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Drones versus Deepfakes


Studio Victoria

3 minutes

When it comes to obtaining geographical imagery, you want the very best results; however, concerns are developing around the legitimacy of the produced imagery, leading us onto the topic of Deepfakes. To gain a further understanding of Deepfakes, what they are, the issues they pose and how to make sure you're getting authentic outcomes, we answer the following questions: What are Deepfakes? How are Deepfakes created? How can drones prevent Deepfake satellite imagery? And what Drone solutions do we offer? Keep reading to find out how preventing deepfakes can help you to #ONEUPYOURBUSINESS!


Deepfakes are images or videos which have been faked, showing unreal events and content. Think of Adobe Photoshop where you can alter and manipulate a picture but on another level. Deepfakes take it one step further, stitching anyone into a video or photo they never actually partook in. An example of a deepfake you may have seen is Jon Snow's apology video for the disappointing season eight finale of Game of Thrones. Whilst this is a lighthearted example, deepfakes can be malicious, dangerous and even cause national security issues.


Deepfakes use machine learning (ML) and Artificial Intelligence (AI), where information is fed to these powerful technologies which detect patterns. Therefore, hours of video footage are examined and analysed, forming and developing patterns and algorithms of how a person looks in different circumstances, lighting, and angles, making a composite of the person placed into a fictional situation naturally and realistically. As well as adding audio of the person speaking words and sentences they never said (as previously shown in the Jon Snow video referred to in the first section).

ML and AI can produce deepfakes quickly; without entire studios full of experts spending weeks, months and years to create, deepfakes started to evolve. Social networking sites such as Facebook and Twitter announced this year that they will ban videos modified by artificial intelligence from their sites.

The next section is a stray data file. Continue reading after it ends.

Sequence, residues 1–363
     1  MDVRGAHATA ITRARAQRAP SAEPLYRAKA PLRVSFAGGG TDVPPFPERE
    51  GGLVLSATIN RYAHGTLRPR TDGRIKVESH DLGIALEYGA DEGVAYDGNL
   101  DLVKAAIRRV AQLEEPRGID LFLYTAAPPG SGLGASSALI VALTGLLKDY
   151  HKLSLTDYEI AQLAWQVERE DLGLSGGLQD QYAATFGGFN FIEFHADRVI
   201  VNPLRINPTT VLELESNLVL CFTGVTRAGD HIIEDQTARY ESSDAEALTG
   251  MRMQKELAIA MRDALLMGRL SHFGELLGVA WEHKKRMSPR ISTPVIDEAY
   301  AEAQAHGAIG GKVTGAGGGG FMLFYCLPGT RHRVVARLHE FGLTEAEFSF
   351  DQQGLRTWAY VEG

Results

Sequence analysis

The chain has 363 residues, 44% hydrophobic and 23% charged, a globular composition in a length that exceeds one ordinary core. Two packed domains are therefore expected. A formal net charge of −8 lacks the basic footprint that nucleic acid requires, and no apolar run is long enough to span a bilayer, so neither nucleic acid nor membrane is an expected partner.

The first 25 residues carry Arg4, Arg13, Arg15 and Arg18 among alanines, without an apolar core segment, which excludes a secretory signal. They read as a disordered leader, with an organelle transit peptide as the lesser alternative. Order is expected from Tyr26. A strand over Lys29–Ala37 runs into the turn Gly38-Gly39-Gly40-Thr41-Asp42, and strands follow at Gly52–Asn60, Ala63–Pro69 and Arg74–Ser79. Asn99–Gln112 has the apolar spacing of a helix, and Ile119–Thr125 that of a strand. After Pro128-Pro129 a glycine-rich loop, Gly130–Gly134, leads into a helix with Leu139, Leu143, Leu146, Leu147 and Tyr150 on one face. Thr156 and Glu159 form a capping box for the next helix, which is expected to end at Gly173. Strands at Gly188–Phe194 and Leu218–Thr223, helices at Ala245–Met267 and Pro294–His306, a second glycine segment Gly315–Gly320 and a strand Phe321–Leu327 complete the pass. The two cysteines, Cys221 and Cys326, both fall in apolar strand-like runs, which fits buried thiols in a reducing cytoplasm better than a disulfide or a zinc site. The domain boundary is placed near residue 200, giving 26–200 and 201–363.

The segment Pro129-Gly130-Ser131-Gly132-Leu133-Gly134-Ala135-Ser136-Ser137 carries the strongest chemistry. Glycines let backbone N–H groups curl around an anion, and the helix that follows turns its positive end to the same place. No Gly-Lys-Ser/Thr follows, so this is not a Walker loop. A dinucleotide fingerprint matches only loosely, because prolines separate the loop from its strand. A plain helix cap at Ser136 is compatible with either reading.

It's not only celebrities and people who are subjected to deepfakes but also geographical imagery. AI-generated deepfakes on satellite imagery like maps, city spaces, the countryside can pose threats and security concerns as they create misinformation to:

  • Mislead and deceive military
  • Create hoaxes on disasters such as floods and wildfires
  • Discredit authentic satellite imagery
  • Produce incorrect routes and mission planning to trained forces

Scientists from the University of Washington (UW) are researching deepfakes to support geographers aiming to find methods to identify and detect fake satellite images and to warn of its dangers. Assistant professor of geography, Bo Zhao, at UW, who is leading the research, states "This isn’t just Photoshopping things. It’s making data look uncannily realistic,".

In an event where you need legitimate satellite imagery, drones are a reliable piece of cutting-edge technology that can gather data quickly and efficiently to provide you with high-resolution results. Depending on what information is needed, drones can be equipped with a range of equipment such as laser scanners, sensors, infrared and thermal cameras to give you the results you need and can:

  • Prevent flooding and identify leaks: In areas prone to flooding, a thermal inspection with drones can indicate where water is accumulating, areas that are draining faster and help towards draining plans to prevent catastrophic events. Thermal imaging cameras can also identify leaks and locate any damage which may be invisible to the naked eye. So regardless if you receive a hoax of flooding, drones can be in the area and analyse the situation and detect the condition of the land with crystal clear video and image evidence
  • Provide precision and accuracy: When it comes to accessing land, [drone topographic surveys]/blog/topographical-survey-explained/ "Drone topographic surveys") have the best resolution of 1 millimetre per pixel, giving you precision and accuracy at the most critical times. Drones overall offer better precision and accuracy with 0.7 centimetres per pixel with fixed-wing drones and 0.6 centimetres per pixel with multi-rotor drones compared to the standard 1.5 centimetres per pixel and, in some instances, 3 centimetres per pixels
  • Offer 3D mapping and 3D scans: Drones can perform 3D scans and 3D maps of lands, objects, structures, and buildings that can fully be integrated with Building Information Modelling (BIM) and Geographic Information System (GIS) to create highly-detailed 3D representations of your assets and is a critical technology if you want to preserve or restore listed and historic buildings
  • Stunning aerial photography and videography: Drones with high-resolution cameras can produce remarkable images and cinematic videos and can be used for a variety of presentations, including marketing and court evidence

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